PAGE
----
Associate Professor
Wake Forest University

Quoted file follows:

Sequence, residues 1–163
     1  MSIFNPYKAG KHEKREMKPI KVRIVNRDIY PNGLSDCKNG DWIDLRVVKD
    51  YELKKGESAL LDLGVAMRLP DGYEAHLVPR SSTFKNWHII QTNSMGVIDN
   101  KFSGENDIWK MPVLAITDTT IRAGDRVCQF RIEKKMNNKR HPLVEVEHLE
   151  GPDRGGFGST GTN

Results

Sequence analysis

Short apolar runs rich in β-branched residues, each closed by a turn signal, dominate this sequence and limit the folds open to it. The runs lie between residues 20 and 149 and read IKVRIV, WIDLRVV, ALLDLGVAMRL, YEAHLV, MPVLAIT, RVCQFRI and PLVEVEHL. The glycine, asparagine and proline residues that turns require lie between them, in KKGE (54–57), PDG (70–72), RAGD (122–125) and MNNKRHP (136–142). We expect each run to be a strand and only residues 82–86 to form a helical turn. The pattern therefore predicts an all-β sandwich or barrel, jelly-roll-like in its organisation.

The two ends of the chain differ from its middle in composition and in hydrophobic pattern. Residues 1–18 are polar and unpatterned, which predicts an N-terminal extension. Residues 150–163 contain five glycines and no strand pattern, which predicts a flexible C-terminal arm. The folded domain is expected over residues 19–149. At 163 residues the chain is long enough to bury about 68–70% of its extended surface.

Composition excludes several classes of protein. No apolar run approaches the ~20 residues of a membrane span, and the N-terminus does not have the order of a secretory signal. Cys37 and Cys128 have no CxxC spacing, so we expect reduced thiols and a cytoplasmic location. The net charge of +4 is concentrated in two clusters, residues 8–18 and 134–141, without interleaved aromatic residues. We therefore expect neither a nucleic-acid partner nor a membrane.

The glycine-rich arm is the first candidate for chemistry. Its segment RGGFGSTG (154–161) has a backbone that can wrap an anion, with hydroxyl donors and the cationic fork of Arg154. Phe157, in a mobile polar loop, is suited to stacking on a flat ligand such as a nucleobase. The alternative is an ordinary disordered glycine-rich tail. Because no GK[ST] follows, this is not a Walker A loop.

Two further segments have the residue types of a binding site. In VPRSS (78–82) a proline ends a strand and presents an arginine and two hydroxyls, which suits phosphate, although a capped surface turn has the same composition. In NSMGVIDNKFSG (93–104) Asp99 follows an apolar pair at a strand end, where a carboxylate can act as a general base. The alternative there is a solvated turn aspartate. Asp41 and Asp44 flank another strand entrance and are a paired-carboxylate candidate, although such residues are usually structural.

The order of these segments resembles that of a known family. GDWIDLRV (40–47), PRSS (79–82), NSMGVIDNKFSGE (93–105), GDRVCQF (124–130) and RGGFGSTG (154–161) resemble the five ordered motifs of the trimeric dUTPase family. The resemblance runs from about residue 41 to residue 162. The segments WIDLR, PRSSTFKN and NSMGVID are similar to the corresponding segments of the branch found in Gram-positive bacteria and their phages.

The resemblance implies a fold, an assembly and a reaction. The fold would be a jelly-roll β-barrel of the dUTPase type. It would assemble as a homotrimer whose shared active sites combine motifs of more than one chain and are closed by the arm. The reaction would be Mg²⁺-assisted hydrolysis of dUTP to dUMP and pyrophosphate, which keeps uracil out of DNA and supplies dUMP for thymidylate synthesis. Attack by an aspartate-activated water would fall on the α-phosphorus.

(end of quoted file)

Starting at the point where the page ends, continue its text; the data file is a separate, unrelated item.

RESEARCH I am a social psychologist and my research involves experimental social cognition and judgment and decision making. My specific research interests include attitude strength and persuasion, bullshitting, counterfactual thinking and metacognition. Attitude Strength and Persuasion. How do various components of attitude strength (e.g., attitude certainty, attitudinal ambivalence, and attitude accessibility) affect attitude change and resistance to persuasive attempts? How do sub-components of such attitude attributes influence the attitude-behavior link, attitude stability, persistence, and resistance to persuasive attempts? Bullshitting. Bullshitting is a pervasive social behavior involving communication with little to no concern for evidence and/or established semantic, logical, systemic, or empirical knowledge. Bullshitting is different from lying in that the liar is actually concerned with the truth – the liar tries to divert us from the truth. The bullshitter doesn’t really care what the truth is, he/she isn't even trying - the bullshitter may be correct in his/her claim but wouldn't know it. What are the antecedents, consequences, and utilities of this seemingly pervasive and inevitable behavior? Under what social conditions and/or mental states is bullshitting attenuated or augmented? Counterfactual Thinking. Counterfactual thinking involves mentally simulating alternatives to reality and playing out the consequences of those alternatives (i.e., “could have,” “would have,” “should have,” or “if only” thinking). What role does counterfactual thinking play in reactions to general and specific cases? How does it affect memory for previous events? What role does it play in learning and performance on tasks? How does counterfactual thinking affect a physician’s diagnostic and treatment selection decisions? Metacognition. Metacognition involves thinking about one's thoughts and thought processes. How do metacognitive components of attitude strength affect attitude change? How does a metacognitive aspect of counterfactual thinking (i.e., counterfactual potency) influence affect, judgments of social targets, and decisions?